28 July 2017
Some of England’s most high-profile, well-connected academy trusts have been facing serious controversies as term ends, this blog has learned. It is important to document this, as academisation continues relentlessly on the ground.
In Westminster, central London, the NUT’s regional officer, Henry Fowler, reports that more than half of primary teachers at King Solomon Academy – including 11 of the union’s 15 members there - are leaving.
The Union, which has been in dispute with management over cover supervision, report-writing and members being asked to take on management responsibility, recently staged four days of strike action at the school, which is run by the Ark chain.
A meeting between parents and teachers in a local park seems to have been well-attended, with staff giving details of the background to the strike and parents seemingly supportive. One parent told the local paper: “We’ve got really amazing teachers and the children are so close to them.
“They are very loving and caring. Them leaving is a real heartbreak.”
The dispute appears significant, given that in 2015 Ark proclaimed the school’s secondary phase as “the best school in the country” among comprehensives, based on the proportion of pupils gaining five GCSE A*-Cs. An Ark Schools trustee, Sir Paul Marshall, is a former Department for Education director and another, Lord Fink, is a former Conservative Party treasurer.
Indeed, it is surprising that national media have not picked up on the story.
The pressures on teachers at Ark are extra-surprising given that the chain is one of the few in England where its schools receive significant extra funds through sponsor donations: its schools received £8.3m from its parent charity in the period 2013-15, for example.
So why has this situation arisen? Ark admitted in a statement that it had had had an "issue" with teacher turnover at the school, but that this was being addressed with more teachers and more school leaders from September. However, this remains a situation to watch.
Meanwhile, at the Hewett school, Norwich, the Inspiration Trust, which took it over in the teeth of a large community campaign in 2015, has announced that it is closing much of its sixth form provision for new students from September.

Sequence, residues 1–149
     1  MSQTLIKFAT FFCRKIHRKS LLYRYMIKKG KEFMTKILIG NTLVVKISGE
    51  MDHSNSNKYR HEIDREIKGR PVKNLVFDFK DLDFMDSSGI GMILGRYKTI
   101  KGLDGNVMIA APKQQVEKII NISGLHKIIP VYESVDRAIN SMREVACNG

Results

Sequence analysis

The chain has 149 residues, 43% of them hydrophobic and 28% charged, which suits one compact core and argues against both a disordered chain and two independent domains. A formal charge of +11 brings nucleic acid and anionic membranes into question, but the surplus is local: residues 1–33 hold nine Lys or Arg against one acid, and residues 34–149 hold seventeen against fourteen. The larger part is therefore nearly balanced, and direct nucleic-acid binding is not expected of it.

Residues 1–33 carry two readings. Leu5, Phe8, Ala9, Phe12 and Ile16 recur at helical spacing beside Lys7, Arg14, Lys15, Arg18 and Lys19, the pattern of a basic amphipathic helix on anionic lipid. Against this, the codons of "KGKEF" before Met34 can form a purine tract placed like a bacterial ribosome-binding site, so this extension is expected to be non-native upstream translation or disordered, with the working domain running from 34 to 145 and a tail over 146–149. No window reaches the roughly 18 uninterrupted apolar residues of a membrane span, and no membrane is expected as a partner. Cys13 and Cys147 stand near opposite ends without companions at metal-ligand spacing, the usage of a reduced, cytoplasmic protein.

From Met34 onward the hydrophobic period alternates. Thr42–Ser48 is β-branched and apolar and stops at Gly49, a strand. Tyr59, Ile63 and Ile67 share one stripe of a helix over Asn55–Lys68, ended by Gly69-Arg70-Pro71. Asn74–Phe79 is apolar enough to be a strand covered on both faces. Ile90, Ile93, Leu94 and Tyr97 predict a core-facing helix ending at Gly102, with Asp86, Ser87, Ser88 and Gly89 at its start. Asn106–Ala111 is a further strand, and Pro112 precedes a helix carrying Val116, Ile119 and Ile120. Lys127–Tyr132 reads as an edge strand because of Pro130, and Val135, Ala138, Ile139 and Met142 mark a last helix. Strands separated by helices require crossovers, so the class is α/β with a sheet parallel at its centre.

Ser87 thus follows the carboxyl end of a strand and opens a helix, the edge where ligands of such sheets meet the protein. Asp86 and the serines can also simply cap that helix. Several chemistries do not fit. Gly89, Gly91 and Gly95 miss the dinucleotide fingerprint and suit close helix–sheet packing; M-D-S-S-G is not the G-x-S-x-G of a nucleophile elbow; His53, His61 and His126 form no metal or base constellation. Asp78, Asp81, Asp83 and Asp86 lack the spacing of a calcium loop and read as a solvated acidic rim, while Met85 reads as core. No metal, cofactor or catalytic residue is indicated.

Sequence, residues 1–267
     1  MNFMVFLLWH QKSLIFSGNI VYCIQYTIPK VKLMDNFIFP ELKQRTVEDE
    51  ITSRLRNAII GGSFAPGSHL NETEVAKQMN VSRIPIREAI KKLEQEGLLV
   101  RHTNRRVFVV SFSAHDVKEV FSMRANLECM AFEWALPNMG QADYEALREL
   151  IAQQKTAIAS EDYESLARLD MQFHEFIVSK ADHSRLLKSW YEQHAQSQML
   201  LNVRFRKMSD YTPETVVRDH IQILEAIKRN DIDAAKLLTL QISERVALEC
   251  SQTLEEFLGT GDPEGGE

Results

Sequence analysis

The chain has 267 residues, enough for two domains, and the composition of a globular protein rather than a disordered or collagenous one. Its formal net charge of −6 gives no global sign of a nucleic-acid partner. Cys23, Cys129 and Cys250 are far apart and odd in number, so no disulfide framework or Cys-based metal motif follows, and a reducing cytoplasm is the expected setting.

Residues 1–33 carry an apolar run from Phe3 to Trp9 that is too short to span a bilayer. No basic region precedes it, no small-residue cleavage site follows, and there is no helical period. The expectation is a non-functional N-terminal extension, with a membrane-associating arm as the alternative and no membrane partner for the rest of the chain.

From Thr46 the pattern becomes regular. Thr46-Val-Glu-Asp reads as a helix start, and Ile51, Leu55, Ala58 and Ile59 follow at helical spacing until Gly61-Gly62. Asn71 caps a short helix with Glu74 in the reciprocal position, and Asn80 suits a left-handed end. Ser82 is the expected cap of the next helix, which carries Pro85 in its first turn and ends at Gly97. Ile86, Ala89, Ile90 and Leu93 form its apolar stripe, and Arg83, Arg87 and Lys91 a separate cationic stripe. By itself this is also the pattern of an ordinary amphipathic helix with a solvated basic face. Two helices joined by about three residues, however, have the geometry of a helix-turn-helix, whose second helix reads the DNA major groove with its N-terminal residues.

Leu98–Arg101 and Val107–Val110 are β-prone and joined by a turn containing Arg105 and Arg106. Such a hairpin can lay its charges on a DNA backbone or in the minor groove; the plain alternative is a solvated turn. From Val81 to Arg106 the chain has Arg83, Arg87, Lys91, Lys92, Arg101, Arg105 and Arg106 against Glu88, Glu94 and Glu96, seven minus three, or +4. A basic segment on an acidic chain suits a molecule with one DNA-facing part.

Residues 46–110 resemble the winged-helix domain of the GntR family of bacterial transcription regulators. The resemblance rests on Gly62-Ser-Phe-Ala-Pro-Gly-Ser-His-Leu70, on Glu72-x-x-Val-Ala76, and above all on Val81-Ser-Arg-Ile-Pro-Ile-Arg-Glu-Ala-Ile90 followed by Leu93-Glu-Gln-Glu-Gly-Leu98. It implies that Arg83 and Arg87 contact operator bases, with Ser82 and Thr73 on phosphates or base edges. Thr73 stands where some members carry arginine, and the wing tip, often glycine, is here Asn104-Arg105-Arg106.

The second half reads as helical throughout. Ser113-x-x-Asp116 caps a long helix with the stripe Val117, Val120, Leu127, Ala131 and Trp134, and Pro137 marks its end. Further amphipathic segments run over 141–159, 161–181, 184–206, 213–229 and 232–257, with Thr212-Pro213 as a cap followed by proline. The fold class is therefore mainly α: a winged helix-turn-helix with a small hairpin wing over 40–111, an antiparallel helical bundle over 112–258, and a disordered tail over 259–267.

The school will not be running A-level courses for year 12 students, with the year 13s completing their studies and only a BTEC Sport and Exercise Science course running for year 12s.
Although the trust says that student sixth form numbers have been falling since well before 2015, what shocked me most was the timing, with students who opted long ago to continue their studies at the Hewett now having to be found alternatives.
I understand that almost 70 pupils had opted for the sixth form, and that they were now being told they’d been offered places at two other Inspiration Trust (IT) schools in Norwich – both free schools which have opened since 2013 – at another “local provider” or at another IT school in Thetford, 28 miles away.
A source told me that year 11 pupils at the school were told in mid-June, with some facing GCSEs the next day. The source said: “The ones I saw were not happy. In fact, with GCSEs still ongoing, they were really upset. Some have only accepted a place at Hewett and don’t want to apply anywhere else.
“This all goes against everything that was said by [the trust’s CEO] Rachel de Souza when she took over the Hewett. Indeed, at our first day of ‘training’, the day after we came into the trust, she said ‘Hewett is the jewel in our crown.’”
I wondered how all of this could have happened, and specifically why pupils were allowed to opt for the Hewett sixth form by the turn of the year, only to lose their places now. Perhaps the numbers opting were not high enough, but surely this would have been known earlier in the year and it’s possible to wonder, too, about courses being shared across the IT’s institutions.
The Inspiration Trust said: “In the last two years at least three sixth forms in Norfolk have closed completely; we are not doing that. As students increasingly opt for larger centres, it has been difficult for us to match that experience. The announcement was made after all the major [GCSE] subjects had completed, to minimise disruption to students.”
I’m also hearing of very high teacher turnover at a school in south London, run by another multi-academy trust and built at high cost recently.
Last week, a new report - from the Education Policy Institute think tank which ironically has very close links with the Ark chain: Marshall chairs its trustees and its “executive chairman”, David Laws, has acted for Ark as an adviser – offered yet more confirmation that academy status offers no guarantee of success.
Indeed, when even chains which are regarded by ministers as flagships for the policy are facing difficult situations on the ground, it is clear that academisation, with its many structural problems, is proving far from the resounding success that the government would like us all to believe it is.